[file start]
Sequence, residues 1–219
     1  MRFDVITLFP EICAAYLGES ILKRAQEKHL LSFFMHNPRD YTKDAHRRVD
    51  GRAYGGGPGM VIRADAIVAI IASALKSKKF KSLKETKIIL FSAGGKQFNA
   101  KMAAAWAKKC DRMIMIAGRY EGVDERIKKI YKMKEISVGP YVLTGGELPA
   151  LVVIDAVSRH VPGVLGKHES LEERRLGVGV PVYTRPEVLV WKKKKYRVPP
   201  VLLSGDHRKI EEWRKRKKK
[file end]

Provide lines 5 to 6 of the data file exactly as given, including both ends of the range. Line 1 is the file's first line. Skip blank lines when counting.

   151  LVVIDAVSRH VPGVLGKHES LEERRLGVGV PVYTRPEVLV WKKKKYRVPP
   201  VLLSGDHRKI EEWRKRKKK